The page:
The first phase of the route will travel between London and Birmingham, with a second phase going to Manchester and Leeds.
It could be as late as 2040 before the second spur reaches the North West.
But it looks as if Northern Powerhouse Rail initiative across the Pennines will go ahead.
Prime Minister Boris Johnson announced to MPs that he hoped that by pressing on, HS2 services could be running by the end of the decade.
The prime minister added he was going to appoint a full-time minister to oversee the project and criticised the HS2 company's management of the scheme.
Mr Johnson added: "This is not just about getting from London to Birmingham and back.
"This is about finally making a rapid connection from the West Midlands to the Northern Powerhouse, to Liverpool, to Manchester, to Leeds and simultaneously permitting us to go forward with Northern Powerhouse Rail across the Pennines - finally giving the home of the railways the fast connections they need.
"And none of that, none of it makes any sense without HS2."
He added: "The Infrastructure and Projects Authority considers that this first phase can be delivered for its current projected costs of £35 billion to £45 billion in today's prices."
Mr Johnson said: "If we start now, services could be running by the end of the decade."
Geoff Mason, Policy Manager at the North & Western Lancashire Chamber of Commerce said: “The increase in capacity to be delivered by HS2 is a huge boost to business.
"Having now been approved, it is essential to start work immediately, and that further delays are avoided.
“Any review into the northern legs of the project need to focus on maximizing connectivity and bringing work forward.
"It cannot be as a cost-cutting exercise resulting in a second-rate service if government claims of ‘levelling up’ are to be believed.
“The announcement coming at the same time as funding promised for local bus routes and cycling infrastructure is welcomed.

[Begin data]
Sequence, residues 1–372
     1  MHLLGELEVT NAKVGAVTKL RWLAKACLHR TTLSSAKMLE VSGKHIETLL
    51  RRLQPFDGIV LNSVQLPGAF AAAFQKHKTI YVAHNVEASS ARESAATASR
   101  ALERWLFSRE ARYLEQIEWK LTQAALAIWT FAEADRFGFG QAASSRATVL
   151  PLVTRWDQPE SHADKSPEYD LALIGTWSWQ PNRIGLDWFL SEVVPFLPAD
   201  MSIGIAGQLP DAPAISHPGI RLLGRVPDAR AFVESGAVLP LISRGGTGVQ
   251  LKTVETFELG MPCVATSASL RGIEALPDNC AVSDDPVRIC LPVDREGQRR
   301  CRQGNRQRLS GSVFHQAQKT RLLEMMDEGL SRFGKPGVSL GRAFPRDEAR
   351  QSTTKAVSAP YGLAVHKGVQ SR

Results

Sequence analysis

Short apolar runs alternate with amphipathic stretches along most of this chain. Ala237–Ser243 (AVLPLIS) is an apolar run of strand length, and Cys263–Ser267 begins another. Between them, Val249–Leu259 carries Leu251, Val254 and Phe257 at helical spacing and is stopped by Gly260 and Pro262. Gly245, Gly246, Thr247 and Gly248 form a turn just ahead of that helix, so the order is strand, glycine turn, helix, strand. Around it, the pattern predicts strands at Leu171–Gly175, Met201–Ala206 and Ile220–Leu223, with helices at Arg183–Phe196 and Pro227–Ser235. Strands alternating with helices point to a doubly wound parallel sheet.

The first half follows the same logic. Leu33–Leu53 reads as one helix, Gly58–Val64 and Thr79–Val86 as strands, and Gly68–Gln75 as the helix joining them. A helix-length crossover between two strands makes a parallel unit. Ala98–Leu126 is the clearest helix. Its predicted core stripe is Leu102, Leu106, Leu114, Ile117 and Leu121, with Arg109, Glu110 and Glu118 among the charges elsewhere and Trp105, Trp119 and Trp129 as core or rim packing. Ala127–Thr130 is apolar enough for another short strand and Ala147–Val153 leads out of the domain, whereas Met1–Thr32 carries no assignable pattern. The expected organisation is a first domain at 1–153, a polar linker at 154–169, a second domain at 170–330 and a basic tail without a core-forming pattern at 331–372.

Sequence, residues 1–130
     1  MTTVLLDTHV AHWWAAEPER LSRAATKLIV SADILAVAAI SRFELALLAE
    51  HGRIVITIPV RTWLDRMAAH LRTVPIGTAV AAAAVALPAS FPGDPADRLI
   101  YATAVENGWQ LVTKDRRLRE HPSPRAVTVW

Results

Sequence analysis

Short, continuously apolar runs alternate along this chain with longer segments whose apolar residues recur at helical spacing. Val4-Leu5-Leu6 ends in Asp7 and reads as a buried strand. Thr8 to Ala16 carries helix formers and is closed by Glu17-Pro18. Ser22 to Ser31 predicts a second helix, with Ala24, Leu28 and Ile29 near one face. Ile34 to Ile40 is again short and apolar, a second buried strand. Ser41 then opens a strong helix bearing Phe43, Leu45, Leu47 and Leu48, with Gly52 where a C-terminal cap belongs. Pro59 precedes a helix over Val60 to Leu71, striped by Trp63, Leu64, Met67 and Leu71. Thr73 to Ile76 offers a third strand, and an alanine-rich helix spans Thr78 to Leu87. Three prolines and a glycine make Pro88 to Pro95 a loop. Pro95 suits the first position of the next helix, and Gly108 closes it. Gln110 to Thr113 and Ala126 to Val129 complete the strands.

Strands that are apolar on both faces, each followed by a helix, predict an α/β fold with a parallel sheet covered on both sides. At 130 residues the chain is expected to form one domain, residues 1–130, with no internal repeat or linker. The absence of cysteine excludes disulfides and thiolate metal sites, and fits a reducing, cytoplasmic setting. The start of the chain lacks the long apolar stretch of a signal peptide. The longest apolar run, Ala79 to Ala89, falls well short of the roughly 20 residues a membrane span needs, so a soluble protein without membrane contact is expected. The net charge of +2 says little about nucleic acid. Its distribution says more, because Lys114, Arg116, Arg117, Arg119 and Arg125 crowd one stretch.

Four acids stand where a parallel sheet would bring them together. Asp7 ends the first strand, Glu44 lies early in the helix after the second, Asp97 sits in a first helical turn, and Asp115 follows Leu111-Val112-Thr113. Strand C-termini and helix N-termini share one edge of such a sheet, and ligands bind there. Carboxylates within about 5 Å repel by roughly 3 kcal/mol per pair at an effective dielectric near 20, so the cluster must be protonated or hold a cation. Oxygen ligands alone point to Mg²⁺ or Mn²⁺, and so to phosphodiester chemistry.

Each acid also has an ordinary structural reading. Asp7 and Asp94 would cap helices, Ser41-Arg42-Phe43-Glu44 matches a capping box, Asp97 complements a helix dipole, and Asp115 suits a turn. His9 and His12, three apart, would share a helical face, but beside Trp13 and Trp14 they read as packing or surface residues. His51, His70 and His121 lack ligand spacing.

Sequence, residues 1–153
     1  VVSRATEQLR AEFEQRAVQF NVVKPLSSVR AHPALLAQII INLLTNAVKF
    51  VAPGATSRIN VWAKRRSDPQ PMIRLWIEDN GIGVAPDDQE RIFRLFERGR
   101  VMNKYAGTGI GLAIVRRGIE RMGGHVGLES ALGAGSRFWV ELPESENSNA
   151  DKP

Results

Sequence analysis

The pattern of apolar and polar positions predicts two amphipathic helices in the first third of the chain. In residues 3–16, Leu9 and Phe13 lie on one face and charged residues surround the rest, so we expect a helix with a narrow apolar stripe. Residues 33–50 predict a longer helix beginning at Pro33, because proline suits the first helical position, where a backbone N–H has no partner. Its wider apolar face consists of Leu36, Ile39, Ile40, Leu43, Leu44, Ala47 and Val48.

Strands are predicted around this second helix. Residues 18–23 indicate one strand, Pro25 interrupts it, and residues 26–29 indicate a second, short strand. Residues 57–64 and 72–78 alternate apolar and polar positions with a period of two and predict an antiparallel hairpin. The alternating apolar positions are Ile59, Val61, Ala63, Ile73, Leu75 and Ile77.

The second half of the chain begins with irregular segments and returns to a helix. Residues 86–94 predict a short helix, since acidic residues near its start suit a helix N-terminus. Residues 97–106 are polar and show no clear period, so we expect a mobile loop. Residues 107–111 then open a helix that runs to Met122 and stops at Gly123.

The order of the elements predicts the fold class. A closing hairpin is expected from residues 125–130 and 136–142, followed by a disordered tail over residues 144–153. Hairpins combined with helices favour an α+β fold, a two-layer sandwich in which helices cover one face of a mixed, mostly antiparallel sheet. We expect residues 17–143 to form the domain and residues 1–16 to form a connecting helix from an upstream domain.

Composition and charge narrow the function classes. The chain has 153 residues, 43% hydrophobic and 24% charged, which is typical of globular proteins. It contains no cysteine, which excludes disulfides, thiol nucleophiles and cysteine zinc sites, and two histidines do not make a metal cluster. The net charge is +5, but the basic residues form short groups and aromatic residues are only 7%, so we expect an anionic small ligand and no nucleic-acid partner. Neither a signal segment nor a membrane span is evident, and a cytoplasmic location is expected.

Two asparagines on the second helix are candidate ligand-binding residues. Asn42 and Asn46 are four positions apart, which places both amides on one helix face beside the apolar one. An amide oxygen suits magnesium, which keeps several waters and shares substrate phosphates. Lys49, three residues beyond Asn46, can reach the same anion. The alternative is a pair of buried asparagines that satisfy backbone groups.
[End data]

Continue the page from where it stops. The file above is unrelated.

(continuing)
"Large rail projects can work together with local public and active transport systems to take people out of their cars, reduce congestion and greenhouse gas emissions.
“National and local government will need to work closely with business communities to ensure that any funding into transport infrastructure achieves real difference and improvements.”
Henri Murison, Director of Northern Powerhouse Partnership said:“The North’s civic and business leaders have argued tirelessly that major infrastructure investment is so badly needed to provide the extra capacity urgently required on our rail network.
"Creating a delivery vehicle to build High Speed North as an integrated high-speed network North to South and East to West provides the best way to rebalance our national economy and secure the benefits of shared growth in turn, attracting investment in the shortest possible time.
“The Oakervee Review has set out how a process can begin swiftly for HS2 and Northern Powerhouse Rail, to be best configured together with the wider existing network to create a joined up new and upgraded railway for the North – taking up the ambition of the Victorians and being as bold as they were.
"It is the only way we will create the capacity we need to unlock the benefits passengers on packed local trains, get freight off the roads and provide the connectivity which is a pre-requisite of closing the North - South divide for good."
“This a once-in-a-generation opportunity; to create a truly balanced Britain that works for everyone.
"Integrating HS2 and Northern Powerhouse Rail is the first step – a bold, decisive, forward-looking step that I am heartened the government has finally chosen to take as politicians across both major parties here in the North have campaigned with us for.”
Jude Brimble, GMB National Secretary, said: "The reality is that HS2 is happening and the Government should get on with it.
“Thousands of skilled jobs depend on the project in construction and the supply chain.
“Ministers must concentrate on making HS2 a model of good employment practice while making sure our members can get on with building world class infrastructure in the Midlands and the North."